However, you must be prepared for this. Understanding the implications for your lift and choosing the best emergency communication devices for your lift ahead of time is essential to comply with lift regulations and keep your passengers safe.

The timeline

November 2017:  BT Openreach announced that traditional copper-based telephony lines would be phased out

September 2023: BT Openreach stopped selling analogue phone lines to new customers

December 2025: date all support for historic analogue lines was due to be deactivated and removed

31 January 2027: new date the PSTN will be switched off


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Features and benefits


Our Managed SIM Service is incredibly cost-effective, it prevents callout costs for non-working phone lines and saves on landline rental costs - all with flexible contract terms to suit your requirements.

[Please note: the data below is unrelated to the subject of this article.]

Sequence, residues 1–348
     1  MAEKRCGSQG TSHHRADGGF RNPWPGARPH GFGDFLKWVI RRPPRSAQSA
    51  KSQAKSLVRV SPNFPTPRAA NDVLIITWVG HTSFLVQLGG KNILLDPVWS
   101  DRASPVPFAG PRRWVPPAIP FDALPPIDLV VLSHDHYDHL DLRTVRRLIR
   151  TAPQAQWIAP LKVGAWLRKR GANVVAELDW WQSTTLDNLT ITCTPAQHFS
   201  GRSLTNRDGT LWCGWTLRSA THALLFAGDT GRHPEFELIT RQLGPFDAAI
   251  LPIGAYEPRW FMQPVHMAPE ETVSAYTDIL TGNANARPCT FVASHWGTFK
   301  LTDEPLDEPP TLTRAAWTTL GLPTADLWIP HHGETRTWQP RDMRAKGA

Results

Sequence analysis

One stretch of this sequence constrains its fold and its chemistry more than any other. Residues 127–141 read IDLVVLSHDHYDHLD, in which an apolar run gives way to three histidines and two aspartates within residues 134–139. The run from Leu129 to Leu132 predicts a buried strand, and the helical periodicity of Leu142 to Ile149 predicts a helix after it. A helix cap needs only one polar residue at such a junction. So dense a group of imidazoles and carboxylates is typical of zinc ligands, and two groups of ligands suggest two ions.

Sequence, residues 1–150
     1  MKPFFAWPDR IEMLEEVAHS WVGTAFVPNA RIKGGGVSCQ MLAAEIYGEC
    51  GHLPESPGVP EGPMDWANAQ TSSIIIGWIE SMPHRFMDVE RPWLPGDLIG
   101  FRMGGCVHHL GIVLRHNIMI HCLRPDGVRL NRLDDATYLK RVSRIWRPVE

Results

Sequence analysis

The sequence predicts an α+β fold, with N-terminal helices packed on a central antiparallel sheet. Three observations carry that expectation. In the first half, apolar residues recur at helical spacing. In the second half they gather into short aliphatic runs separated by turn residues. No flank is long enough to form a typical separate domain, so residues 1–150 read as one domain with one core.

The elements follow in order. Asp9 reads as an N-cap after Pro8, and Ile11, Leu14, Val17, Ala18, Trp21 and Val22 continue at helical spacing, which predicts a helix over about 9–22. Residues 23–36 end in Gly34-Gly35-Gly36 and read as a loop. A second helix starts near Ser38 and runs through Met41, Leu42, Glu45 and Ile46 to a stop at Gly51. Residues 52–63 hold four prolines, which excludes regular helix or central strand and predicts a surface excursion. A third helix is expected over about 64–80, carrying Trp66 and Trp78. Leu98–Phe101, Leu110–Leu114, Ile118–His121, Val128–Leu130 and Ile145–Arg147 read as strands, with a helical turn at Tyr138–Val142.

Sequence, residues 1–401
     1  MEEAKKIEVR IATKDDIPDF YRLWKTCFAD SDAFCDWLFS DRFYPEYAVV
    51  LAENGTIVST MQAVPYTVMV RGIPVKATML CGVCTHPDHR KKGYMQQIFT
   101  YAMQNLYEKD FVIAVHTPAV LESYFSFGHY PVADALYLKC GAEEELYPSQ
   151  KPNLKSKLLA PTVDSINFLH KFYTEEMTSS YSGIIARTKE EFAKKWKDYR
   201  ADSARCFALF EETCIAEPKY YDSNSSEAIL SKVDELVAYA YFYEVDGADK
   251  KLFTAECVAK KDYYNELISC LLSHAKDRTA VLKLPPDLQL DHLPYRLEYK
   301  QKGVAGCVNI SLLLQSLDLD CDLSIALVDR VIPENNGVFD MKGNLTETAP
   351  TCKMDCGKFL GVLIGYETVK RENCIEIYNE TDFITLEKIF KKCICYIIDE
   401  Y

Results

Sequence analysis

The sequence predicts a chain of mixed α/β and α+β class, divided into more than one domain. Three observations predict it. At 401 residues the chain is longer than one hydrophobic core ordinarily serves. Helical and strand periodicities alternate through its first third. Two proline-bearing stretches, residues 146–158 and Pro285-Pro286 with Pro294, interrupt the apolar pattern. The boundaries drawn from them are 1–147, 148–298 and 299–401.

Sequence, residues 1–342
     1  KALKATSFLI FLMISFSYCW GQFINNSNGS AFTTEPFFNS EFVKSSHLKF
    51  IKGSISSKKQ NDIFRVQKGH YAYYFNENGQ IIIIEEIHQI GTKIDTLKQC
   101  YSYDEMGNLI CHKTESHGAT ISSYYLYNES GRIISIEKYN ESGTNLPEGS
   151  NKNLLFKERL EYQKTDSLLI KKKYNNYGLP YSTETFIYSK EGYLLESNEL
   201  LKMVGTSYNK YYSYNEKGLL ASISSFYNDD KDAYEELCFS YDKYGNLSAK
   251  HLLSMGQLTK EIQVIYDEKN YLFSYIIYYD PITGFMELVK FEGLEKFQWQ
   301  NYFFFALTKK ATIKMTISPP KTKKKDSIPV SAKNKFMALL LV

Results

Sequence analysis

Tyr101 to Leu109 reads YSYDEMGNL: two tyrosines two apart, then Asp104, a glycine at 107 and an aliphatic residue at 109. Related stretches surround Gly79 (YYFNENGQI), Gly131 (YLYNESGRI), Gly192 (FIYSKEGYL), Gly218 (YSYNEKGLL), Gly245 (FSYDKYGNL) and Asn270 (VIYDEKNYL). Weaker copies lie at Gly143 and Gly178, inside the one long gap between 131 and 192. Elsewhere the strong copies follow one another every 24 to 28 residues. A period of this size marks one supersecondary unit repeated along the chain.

No need to manage multiple suppliers for your emergency lift communication requirements. Just one provider, Stannah, offering peace of mind with 24/7 management on your behalf.

Fully compliant

Superior levels of connectivity, compliance (EN81-28) and reporting, with 24/7 line monitoring giving rapid notification of connection irregularities meaning issues can be attended to and remedied more quickly.

Frequently asked questions

When will this switchover start?

It's already begun and will continue to switch over until analogue support ends by 31 January 2027. For more information, visit: www.openreach.com/upgrading-the-UK-to-digital-phone-lines/industry

How will the analogue to digital switch affect my lift?

Existing autodialler designs typically rely on an analogue dial tone and dual-tone multi-frequency (DTMF) signalling to operate, both of which are being withdrawn as part of the switchover. Also, digital technology doesn't carry power, so a separate power backup is needed to ensure the lift emergency communication systems continue to function in the event of a power failure and comply with code requirements.

How can I make sure my lift autodialler still works?